Though you’re richer than the untouched
riches of Araby, than wealthy India,
and you fill the land, and inshore
waters, with your deposits of builders’ rubble:
if dread Necessity fixes
her adamantine nails in your highest rooftops,
you’ll not free your spirit from fear,
nor free your very being from the noose of death.
Better to live like Scythians
in the Steppes, whose wagons haul their movable homes,
that’s custom, or the fierce Getae,
whose unallocated acres produce their fruits,
their harvests of rye, in common,
where cultivation’s not decided for more than
a year, and when one turn is done,
it’s carried on by other hands, as a duty.
There, as their own, the unselfish
women raise those children who have lost their mothers:
and the richly dowered wife never
rules her husband, or believes in shining lovers.
Their greatest dowry’s their parents’
virtue, and their own chastity, which is careful
of another’s husband, in pure
loyalty, sin is wrong and death’s its penalty.
O whoever would end impious
killing, and civil disorder, and would desire
to have ‘City Father’ inscribed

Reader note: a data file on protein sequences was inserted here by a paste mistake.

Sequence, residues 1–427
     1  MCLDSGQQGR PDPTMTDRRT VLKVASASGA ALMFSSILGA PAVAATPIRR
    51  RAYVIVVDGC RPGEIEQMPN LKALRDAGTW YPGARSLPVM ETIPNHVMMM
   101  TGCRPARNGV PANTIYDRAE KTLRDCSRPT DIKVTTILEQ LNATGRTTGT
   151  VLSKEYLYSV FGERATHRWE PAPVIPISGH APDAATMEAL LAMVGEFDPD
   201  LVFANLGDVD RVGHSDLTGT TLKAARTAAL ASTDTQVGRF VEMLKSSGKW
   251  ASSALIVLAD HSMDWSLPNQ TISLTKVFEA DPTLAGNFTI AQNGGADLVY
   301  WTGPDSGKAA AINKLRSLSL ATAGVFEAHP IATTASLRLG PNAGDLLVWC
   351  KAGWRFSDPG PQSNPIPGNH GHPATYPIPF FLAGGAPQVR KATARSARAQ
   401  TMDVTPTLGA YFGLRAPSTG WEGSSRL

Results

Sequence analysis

on their statues, let them be braver, and rein in
unbridled licence, and win fame
among posterity: since we, alas, for shame,
filled with envy, hate chaste virtue,
and only seek it when it’s hidden from our eyes.
What use are sad lamentations,
if crime is never suppressed by its punishment?
What use are all these empty laws
without the behaviour that should accompany them?
if neither those parts of the Earth
enclosed by heat, nor those far confines of the North,
snow frozen solid on the ground,
deter the trader, if cunning sailors conquer
the stormy seas, if poverty,
is considered a great disgrace, and directs us
to do and to bear everything,
and abandon the arduous paths of virtue?
Let’s send our jewels, our precious
stones, our destructive gold, to the Capitol, while
the crowd applauds, and raises its strident clamour,
or ship them to the nearest sea,
as causes of our deepest ills,
if we truly repent of all our wickedness.
Let the source of our perverted
greed be lost, and then let our inadequate minds
be trained in more serious things.
The inexperienced noble youth is unskilled
at staying in the saddle, he
fears to hunt, and he’s much better at playing games,
whether you order him to fool
with a Greek hoop, or you prefer forbidden dice,
while his father’s perjured trust cheats
his partner and his friends, hurrying to amass
money for his unworthy heir.
While it’s true that in this way his ill-gotten gains
increase, yet there’s always something
lacking in a fortune forever incomplete.